Chapter 2. The Internet Address Architecture¶
This chapter deals with the structure of network-layer addresses used in the Internet, the IP addresses. [p31-32]
- Every device connected to the Internet has at least one IP address.
- When devices are attached to the global Internet, they are assigned addresses that must be coordinated so as to not duplicate other addresses in use on the network.
Expressing IP Addresses¶
In IPv4, the dotted-quad notation for IPv4 addresses consists of four decimal numbers separated by periods. For example, 188.8.131.52. Each such number is a nonnegative integer in the range [0, 255] and represents one-quarter of the entire IP address. It is simply a way of writing the whole IPv4 address ( a 32-bit nonnegative integer used throughout the Internet system) using convenient decimal numbers. [p32]
In IPv6, addresses are 128 bits in length, four times larger than IPv4 addresses. The conventional notation for IPv6 addresses is a series of four hexadecimal ("hex" or base-16) numbers called blocks or fields separated by colons. For example, an IPv6 address containing eight blocks would be written as 5f05:2000:80ad:5800:0058:0800:2023:1d71. In addition, a number of agreed-upon simplifications have been standardized for expressing IPv6 addresses:
- Leading zeros of a block need not be written. In the preceding example, the address could have been written as 5f05:2000:80ad:5800:58:800:2023:1d71.
- Blocks of all zeros can be omitted and replaced by the notation ::.
- For example, the IPv6 address 0:0:0:0:0:0:0:1 can be written more compactly as ::1.
- Similarly, the address 2001:0db8:0:0:0:0:0:2 can be written more compactly as 2001:db8::2.
- To avoid ambiguities, the :: notation may be used only once in an IPv6 address
- IPv4-mapped IPv6 address. The block immediately preceding the IPv4 portion of the address has the value ffff and the remaining part of the address is formatted using dotted-quad. For example, the IPv6 address ::ffff:10.0.0.1 represents the IPv4 address 10.0.0.1. This is called an IPv4-mapped IPv6 address.
- IPv4-compatible IPv6 address. The low-order 32 bits of the IPv6 address can be written using dotted-quad notation. The IPv6 address ::0102:f001 is therefore equivalent to the address ::184.108.40.206.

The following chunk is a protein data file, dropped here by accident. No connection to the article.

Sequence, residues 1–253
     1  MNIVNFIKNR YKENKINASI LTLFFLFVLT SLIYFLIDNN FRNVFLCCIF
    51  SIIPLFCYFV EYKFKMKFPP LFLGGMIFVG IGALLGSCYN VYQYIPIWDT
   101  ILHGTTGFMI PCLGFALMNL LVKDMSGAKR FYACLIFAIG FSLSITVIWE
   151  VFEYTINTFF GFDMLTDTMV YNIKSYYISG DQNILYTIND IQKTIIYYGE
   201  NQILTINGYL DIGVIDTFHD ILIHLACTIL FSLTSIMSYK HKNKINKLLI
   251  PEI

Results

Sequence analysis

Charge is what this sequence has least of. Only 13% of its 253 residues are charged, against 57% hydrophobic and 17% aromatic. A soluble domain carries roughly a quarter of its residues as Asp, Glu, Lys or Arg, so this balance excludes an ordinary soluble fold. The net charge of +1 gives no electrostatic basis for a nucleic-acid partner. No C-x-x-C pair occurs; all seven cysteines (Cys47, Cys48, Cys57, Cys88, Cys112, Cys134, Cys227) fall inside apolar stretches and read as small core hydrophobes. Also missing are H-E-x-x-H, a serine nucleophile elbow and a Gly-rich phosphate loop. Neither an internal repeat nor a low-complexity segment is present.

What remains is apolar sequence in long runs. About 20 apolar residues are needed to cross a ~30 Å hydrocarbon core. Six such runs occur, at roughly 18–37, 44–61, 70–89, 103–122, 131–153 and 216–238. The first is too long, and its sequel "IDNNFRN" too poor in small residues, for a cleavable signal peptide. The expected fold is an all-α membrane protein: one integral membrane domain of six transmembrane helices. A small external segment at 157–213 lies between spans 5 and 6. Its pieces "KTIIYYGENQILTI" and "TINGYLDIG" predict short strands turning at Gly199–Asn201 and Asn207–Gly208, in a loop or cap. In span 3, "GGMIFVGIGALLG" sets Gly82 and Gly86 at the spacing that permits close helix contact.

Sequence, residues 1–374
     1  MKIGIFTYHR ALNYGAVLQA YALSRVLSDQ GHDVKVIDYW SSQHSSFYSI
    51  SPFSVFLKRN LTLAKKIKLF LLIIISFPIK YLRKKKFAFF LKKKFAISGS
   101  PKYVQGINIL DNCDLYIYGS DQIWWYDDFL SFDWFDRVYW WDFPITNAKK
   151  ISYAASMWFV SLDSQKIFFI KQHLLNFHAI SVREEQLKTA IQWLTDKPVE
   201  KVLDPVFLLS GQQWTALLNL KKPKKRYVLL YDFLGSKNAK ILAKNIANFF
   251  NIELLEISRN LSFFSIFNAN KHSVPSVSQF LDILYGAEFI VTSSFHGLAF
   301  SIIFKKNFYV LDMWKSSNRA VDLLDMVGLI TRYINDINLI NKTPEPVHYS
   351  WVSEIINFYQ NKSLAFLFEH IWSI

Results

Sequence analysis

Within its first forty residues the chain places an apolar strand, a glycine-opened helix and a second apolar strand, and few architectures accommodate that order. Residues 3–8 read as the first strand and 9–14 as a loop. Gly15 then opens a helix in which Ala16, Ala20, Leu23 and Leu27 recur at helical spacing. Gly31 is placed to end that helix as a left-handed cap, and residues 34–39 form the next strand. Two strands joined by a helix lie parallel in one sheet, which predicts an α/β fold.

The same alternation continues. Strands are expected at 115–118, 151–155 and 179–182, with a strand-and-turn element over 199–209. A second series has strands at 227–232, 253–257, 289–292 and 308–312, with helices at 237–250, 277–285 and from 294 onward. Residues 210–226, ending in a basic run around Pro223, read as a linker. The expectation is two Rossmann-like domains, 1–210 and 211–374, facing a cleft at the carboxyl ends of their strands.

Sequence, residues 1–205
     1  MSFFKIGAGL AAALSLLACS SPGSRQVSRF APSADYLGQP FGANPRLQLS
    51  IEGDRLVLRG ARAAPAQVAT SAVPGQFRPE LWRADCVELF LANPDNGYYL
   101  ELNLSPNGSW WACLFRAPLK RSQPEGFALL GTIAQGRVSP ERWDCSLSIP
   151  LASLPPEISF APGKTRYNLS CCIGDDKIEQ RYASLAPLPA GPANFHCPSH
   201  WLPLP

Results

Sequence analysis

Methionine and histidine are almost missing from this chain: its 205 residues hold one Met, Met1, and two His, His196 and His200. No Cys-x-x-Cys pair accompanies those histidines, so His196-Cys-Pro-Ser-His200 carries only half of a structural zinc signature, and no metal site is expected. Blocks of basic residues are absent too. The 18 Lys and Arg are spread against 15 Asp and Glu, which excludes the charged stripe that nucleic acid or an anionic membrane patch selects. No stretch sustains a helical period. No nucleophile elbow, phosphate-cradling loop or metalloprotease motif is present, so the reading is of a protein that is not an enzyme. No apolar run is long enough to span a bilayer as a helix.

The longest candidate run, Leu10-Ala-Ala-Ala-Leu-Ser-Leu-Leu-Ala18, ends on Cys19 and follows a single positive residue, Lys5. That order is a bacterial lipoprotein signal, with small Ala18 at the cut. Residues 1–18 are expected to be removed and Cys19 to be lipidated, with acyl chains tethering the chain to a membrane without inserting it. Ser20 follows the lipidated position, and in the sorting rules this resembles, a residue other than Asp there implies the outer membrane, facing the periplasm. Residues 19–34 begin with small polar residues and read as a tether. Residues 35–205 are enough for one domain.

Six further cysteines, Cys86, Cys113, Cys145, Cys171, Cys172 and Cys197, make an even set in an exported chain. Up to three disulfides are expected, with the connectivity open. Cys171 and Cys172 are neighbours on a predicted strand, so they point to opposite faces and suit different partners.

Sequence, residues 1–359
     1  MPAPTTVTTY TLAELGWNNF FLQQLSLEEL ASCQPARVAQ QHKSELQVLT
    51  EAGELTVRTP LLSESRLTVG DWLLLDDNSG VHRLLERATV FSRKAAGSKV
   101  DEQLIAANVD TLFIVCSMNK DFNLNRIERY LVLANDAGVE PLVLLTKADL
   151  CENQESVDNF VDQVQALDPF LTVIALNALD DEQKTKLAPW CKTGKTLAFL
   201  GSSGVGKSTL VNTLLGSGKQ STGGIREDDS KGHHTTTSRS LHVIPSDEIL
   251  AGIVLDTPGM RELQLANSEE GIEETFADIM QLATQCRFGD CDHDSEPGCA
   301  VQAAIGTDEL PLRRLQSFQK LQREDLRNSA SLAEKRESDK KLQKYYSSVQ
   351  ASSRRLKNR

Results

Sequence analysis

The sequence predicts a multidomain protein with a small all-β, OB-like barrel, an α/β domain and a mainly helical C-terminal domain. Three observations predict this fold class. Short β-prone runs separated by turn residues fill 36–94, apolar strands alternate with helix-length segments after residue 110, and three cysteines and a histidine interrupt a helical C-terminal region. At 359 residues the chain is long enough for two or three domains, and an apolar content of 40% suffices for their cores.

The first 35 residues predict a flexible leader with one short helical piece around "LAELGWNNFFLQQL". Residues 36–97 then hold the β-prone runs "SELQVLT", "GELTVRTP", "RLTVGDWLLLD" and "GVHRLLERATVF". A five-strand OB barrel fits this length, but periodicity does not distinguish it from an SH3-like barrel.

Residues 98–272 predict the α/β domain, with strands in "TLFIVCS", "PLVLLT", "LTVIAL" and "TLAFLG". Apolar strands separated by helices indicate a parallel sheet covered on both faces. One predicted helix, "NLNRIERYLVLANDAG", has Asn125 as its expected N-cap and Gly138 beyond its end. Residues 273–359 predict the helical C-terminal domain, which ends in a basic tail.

The colon delimiter in an IPv6 address may be confused with another separator such as the colon used between an IP address and a port number. In such circumstances, bracket characters, [ and ], are used to surround the IPv6 address. The following URL is an example:
The flexibility provided by [RFC4291] resulted in unnecessary confusion due to the ability to represent the same IPv6 address in multiple ways. To remedy this situation, [RFC5952] imposes some rules to narrow the range of options while remaining compatible with [RFC4291]. They are as follows:
- Leading zeros must be suppressed (e.g., 2001:0db8::0022 becomes 2001:db8::22).
- The :: construct must be used to its maximum possible effect (most zeros suppressed) but not for only 16-bit blocks. If multiple blocks contain equallength runs of zeros, the first is replaced with ::.
- The hexadecimal digits a through f should be represented in lowercase.
Basic IP Address Structure¶
IPv4 has 232 possible addresses and IPv6 has 2128.
- Most of the IPv4 address space is unicast address space, which is IPv4 addresses chunks subdivided down to a single address and used to identify a single network interface of a computer attached to the Internet or to some private intranet.
- Most of the IPv6 address space is not currently being used.
Variable-Length Subnet Masks (VLSM)¶
IPv6 Addresses and Interface Identifiers¶
CIDR and Aggregation¶
Addressing IPv4/IPv6 Translators¶
IPv4 Multicast Addresses¶
IPv6 Multicast Addresses¶
An anycast address is a unicast IPv4 or IPv6 address that identifies a different host depending on where in the network it is used. This is accomplished by configuring Internet routers to advertise the same unicast routes from multiple locations in the Internet. Thus, an anycast address refers not to a single host in the Internet, but to the "most appropriate" or "closest" single host that is responding to the anycast address.
Anycast addressing is used most frequently for finding a computer that provides a common service. For example, a datagram sent to an anycast address could be used to find a DNS server (Chapter 11), a 6to4 gateway that encapsulates IPv6 traffic in IPv4 tunnels, or RPs for multicast routing.